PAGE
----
As of this writing, the death toll from the south Asian tsunami has reached 120,000, with concerns that disease may claim tens of thousands more. The countries affected include some of the poorest in the world, and as the tragedy unfolds, the economic loss promises to be devastating.
Many have noticed that poorer nations are more severely affected by natural cataclysms than developed nations. Earthquakes, tropical cyclones, tsunamis, and flooding strike the wealthiest as well as the poorest nations, but the loss of life can be much higher where income is low.
In December, 2003, 30,000 people were killed in Bam, Iran, as an earthquake destroyed eighty percent of the buildings in the city. Thirteen years earlier, 40,000 people were killed by an earthquake in Gilan, Iran. In 1998, Honduras and Nicaragua, Hurricane Mitch killed at least 10,000 people.
In Bangladesh, according to a 2001 UN report, chronic typhoons and flooding have killed over a half million people in the period from 1970 to 1998. Over the same period, 1.2 million died from drought-induced famine in Ethiopia. Many other poor nations have suffered similar catastrophes in recent years. According to the United Nations Development Programme, while only 11 percent of people exposed to natural hazards live in poor countries, they account for more than 53 percent of the total number of deaths. From 1980 to 2000, North Korea had the highest annual per capita death rate from disasters, followed by Mozambique, Armenia, Sudan, and Ethiopia. These are also among the very poorest nations in the world.
This correlation between poverty and natural disaster seems to hold up not only with a cross-section of nations, but also over time. As nations become wealthier, their losses of human life from natural calamities tend to fall. The 1906 San Francisco earthquake (and the subsequent fire) killed at least 3,000 people out of a population of about 400,000. The 1994 quake in the same area killed only 60, out of a population that had almost doubled. Over 8,000 people in the Galveston, Texas area died in the hurricane of 1900, but hurricane Andrew's 1992 path through a much more heavily populated Florida killed only 40 people.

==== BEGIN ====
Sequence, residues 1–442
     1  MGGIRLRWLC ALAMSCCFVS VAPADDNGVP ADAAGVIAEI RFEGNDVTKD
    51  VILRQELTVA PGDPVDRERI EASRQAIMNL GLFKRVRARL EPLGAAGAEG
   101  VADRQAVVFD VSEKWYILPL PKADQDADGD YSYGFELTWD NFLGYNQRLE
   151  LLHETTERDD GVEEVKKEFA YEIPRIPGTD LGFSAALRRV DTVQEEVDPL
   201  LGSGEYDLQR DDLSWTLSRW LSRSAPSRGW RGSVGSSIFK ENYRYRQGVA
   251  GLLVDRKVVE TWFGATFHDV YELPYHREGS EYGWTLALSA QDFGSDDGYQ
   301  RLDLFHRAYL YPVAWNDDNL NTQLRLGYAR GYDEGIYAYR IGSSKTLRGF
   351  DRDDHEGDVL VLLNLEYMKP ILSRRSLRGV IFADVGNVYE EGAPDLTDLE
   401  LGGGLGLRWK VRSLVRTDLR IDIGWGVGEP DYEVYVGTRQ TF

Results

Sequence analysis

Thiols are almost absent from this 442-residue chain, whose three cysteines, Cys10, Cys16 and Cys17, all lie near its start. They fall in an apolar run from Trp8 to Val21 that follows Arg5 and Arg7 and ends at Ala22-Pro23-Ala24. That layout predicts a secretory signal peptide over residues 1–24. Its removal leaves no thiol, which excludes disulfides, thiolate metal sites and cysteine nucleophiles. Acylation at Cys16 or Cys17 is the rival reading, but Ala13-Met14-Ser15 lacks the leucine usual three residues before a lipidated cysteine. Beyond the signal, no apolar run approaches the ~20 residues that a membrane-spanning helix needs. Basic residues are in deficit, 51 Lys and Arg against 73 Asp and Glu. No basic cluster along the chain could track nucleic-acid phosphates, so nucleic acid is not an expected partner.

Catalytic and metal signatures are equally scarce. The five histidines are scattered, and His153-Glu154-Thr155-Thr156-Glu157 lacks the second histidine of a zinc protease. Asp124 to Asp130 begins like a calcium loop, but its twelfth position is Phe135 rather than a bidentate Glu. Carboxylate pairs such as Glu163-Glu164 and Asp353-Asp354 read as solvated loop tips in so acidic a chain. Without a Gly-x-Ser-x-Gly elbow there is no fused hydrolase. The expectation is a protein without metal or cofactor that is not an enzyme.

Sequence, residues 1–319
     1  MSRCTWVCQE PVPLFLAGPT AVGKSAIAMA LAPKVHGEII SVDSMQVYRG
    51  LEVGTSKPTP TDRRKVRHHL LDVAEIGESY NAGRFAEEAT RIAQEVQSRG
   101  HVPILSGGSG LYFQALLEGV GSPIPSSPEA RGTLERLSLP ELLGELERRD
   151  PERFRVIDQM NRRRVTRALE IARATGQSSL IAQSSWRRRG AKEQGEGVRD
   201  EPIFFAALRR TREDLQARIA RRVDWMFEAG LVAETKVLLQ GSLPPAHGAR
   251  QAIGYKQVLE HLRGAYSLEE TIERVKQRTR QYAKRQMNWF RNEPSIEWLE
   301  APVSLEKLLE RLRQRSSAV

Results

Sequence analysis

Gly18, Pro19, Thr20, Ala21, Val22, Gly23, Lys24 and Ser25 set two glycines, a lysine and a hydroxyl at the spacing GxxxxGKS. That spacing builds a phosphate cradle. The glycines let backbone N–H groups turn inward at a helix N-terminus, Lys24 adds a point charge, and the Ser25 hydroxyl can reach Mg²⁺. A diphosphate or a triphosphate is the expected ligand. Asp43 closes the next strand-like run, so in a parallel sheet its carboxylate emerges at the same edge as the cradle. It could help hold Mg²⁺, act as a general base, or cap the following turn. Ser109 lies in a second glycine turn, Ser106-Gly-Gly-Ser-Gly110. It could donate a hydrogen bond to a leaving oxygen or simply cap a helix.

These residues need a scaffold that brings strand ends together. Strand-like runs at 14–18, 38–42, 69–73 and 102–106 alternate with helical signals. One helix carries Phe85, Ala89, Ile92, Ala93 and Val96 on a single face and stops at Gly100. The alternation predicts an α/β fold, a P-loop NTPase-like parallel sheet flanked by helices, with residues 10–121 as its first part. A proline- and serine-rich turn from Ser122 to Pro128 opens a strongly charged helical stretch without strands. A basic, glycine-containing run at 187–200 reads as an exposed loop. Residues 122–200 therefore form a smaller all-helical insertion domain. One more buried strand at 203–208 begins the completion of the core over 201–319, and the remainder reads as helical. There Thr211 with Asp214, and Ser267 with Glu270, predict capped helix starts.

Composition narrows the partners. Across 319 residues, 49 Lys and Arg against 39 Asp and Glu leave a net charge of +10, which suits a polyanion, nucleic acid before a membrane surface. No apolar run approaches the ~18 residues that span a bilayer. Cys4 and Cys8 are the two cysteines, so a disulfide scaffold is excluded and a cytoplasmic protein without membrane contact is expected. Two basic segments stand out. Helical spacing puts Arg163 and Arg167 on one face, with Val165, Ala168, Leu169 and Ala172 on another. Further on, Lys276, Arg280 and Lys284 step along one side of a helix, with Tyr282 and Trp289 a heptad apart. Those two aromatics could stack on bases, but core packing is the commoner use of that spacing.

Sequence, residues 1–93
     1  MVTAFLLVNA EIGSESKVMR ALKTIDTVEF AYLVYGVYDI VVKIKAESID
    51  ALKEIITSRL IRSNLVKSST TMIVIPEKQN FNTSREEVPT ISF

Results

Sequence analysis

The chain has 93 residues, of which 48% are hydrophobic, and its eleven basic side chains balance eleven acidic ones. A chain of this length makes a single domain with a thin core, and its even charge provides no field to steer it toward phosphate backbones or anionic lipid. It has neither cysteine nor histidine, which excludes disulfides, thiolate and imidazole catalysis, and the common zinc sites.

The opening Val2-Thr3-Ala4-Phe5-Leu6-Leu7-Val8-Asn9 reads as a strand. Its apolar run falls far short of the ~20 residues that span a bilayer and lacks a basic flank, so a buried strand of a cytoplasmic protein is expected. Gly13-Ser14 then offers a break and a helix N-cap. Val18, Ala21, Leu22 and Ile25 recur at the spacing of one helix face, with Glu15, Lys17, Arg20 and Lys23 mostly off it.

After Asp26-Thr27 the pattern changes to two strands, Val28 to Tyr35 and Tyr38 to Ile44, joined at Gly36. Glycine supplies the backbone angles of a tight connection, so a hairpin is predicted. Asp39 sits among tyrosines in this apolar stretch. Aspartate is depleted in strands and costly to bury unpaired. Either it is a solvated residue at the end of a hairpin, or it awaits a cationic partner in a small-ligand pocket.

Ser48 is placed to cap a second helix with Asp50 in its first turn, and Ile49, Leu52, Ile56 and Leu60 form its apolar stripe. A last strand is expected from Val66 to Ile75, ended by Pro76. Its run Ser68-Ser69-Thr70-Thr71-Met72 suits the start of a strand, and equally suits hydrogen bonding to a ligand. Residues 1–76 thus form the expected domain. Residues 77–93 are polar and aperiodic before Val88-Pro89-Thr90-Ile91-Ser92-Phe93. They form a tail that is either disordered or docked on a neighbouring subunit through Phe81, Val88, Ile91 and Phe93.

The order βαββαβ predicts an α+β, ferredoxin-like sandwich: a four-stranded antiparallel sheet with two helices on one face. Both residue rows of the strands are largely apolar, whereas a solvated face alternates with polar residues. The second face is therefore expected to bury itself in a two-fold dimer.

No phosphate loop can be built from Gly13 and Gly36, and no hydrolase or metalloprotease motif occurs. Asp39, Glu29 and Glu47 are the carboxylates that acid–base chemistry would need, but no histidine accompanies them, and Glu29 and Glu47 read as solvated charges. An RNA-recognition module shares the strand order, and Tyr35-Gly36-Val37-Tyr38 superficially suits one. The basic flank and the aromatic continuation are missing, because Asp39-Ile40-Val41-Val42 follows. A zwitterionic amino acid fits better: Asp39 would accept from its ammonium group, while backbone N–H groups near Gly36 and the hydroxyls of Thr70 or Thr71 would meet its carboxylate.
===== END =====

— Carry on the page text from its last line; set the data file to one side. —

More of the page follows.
Barun Mitra, president of the Liberty Institute in New Delhi, India, observed that deaths in India have seen a similar trend: "A strong tropical storm in the Indian subcontinent, in the nineteenth century and even in the twentieth century, could leave tens of thousands dead. Nevertheless, the annual death toll from floods in countries like India has been falling, from tens of thousands in the earlier decades to a couple of thousand today."
Countries that experience economic growth are putting themselves in a better position to reduce the number of deaths that result from natural cataclysms, and the clearest way to produce that economic growth is to allow people to interact in the marketplace without government intrusion. Expanding the role of the state, even with well-intended disaster-prevention programs, diminishes the economic growth that would most effectively reduce death rates.
To most people, shrinking the state to prevent disaster is counterintuitive. After earthquakes or typhoons, there is pressure for stronger or more well-enforced building codes, and after tsunamis the government is called upon to produce better warning systems. Yet the usual quest for mandatory technological improvements and government-provided prevention systems can reduce disaster preparedness. This is because resources are limited—acquiring more of one thing requires giving up something else. Mandating earthquake-proof technology for new construction means more expensive structures, so that more people, not fewer, are living in housing that is unsound, badly located, and otherwise lower-quality.